Sunday, January 23, 2011
While I was highly amused by Gulliver's recent posts on Pentagonese, I've been noticing a trend recently in the blogosphere: denigrating military jargon, both its existence and forms. Some of it, like Gulliver's as best I can tell, has seemed to be in the spirit of the thing and others have been downright condemning of it. I hope Gulliver keeps his series going (I'm sure it's quite informative to many of you), but I think military jargon gets way too much flack for no discernible reason. Well, maybe one reason, but we'll get to that.
Firstly, I question how much Pentagonese comes from the Pentagon. Other than referring to itself as "The Building", it seems that the preponderance of the offending terms are actually military terms that migrate to the Pentagon from the field. I couldn't be sure of that (wouldn't that be an interesting study), but I can navigate the Pentagon language-wise because I know the lingo. And I've never served a day there - I learned it in the field. I suggest that Pentagonese is military jargon come home to roost because, while certainly the head of the U.S. military, the Pentagon is hardly the heart of the nation's warrior class. I couldn't imagine a cavalry lieutenant colonel fresh out of G-3/5/7 just waiting to try out his new cool-kid words on his new cav squadron. Soldiers, unlike civilians, don't usually think anything cool comes out of the Pentagon. The Pentagon is where things go to die.
No, I don't think most of that language comes from the Pentagon, I think it comes from the operational forces. And I think that's a good thing. Every technically challenging trade has its own jargon; doctors, lawyers, electricians, plumbers, mechanics, business types: they all have their own jargon that other probably think is just plain weird. But it's part of their culture, it helps each member of that culture identify others like them, it gives them a simple thing to bond over. The military is no different, except it might be exacerbated more because of the physical concentrations of military posts and combat zones. In small towns throughout the world, the local military facility is probably the biggest thing around and is therefore the dominant culture. Cultural attributes, such as language, thrive in such settings. Combat zones probably compound the use of vernacular - troops from units who would never have otherwise met each other - are exposed to new jargon and it spreads like wildfire.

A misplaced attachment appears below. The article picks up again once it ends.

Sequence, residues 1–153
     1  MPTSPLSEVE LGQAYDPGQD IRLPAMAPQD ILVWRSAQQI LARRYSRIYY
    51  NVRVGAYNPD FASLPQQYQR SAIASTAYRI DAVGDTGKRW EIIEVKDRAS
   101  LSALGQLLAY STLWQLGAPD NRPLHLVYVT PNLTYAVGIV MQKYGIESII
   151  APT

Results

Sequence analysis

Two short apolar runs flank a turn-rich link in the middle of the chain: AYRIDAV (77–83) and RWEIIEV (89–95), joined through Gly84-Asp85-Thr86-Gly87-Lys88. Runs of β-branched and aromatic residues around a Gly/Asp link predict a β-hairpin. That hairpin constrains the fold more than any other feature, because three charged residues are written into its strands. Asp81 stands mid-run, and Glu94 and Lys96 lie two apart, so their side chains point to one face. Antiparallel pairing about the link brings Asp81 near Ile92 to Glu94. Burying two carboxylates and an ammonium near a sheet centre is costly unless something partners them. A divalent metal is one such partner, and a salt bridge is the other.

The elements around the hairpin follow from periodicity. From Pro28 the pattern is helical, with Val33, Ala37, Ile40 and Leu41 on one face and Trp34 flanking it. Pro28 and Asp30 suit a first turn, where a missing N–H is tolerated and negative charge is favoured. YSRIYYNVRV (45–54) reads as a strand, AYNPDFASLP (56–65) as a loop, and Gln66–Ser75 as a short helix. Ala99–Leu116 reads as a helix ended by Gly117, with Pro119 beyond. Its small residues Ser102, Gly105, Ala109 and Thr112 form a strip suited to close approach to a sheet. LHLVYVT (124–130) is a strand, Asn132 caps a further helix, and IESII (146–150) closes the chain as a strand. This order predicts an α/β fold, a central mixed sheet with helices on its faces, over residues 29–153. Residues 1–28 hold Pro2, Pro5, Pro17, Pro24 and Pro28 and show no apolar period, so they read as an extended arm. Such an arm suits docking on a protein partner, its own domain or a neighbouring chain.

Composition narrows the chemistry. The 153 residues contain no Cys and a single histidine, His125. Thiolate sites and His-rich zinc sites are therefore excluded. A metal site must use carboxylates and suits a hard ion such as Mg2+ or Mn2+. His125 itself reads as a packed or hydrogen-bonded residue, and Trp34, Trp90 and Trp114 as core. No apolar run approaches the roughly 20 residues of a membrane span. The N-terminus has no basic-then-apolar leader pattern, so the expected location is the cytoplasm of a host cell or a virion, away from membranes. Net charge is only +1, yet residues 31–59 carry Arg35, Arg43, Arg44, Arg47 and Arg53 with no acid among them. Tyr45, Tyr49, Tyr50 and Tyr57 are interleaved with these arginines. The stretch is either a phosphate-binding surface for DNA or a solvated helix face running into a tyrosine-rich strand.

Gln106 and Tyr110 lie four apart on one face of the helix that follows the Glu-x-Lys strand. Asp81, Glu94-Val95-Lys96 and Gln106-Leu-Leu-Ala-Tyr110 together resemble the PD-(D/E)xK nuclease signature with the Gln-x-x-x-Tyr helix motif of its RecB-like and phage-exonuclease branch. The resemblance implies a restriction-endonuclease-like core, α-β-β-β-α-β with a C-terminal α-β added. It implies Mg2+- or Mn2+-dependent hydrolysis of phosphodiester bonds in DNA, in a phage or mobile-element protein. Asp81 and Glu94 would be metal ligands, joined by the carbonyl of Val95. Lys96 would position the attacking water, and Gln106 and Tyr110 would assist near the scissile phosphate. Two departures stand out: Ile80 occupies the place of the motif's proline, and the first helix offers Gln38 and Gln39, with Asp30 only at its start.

It gives me a sense of belonging when I can talk to another tanker and talk about the John Wayne Pass, bitch plates, turret rides, or FMs; or talk to Iraq vets about gimlers (GMLRS), MIRC, the 3ID bridge, or Ambush Alley. To say nothing of the many "verbed" and other mangled terms that U.S. Army loves so, so much (kinetic, non-concur, transition, etc) and the even more dear alphabet soup of acronyms. These terms are expressions of our common experiences and hardships. They are things we shared and we (almost) always understand each other - it isn't important that outsiders do understand it.
Which I think gets to my final points here. Firstly, the one reason I imagine people hate this lingo is because they are on the outside and it seems foreign to them. Learn it or don't - it doesn't much matter to me. To give these types some perspective, I don't come to your place of business and bitch that I can't understand your acronyms or colloquialisms. Because they are yours. Secondly, when military types do talk to outsiders, they should stow the vernacular. It's just plain rude to speak that way and certainly not helpful if you're trying to explain to others what it is you are doing. Translate it into the common tongue, please. Thirdly, and finally, I think the biggest problem with Pentagonese isn't that you hear a different language - people would forgive a uniformed person with it. It's hearing the civilians in The Building mimicking the uniforms that is unnerving, as they are peripheral, if important, members of military culture. But it still sounds unseemly and probably why the Pentagon gets blamed for the military's torturing of the English language. All of this is to say, mock it if you will (even I do sometimes), but don't forget it's inherent to military culture. And there's nothing wrong with that.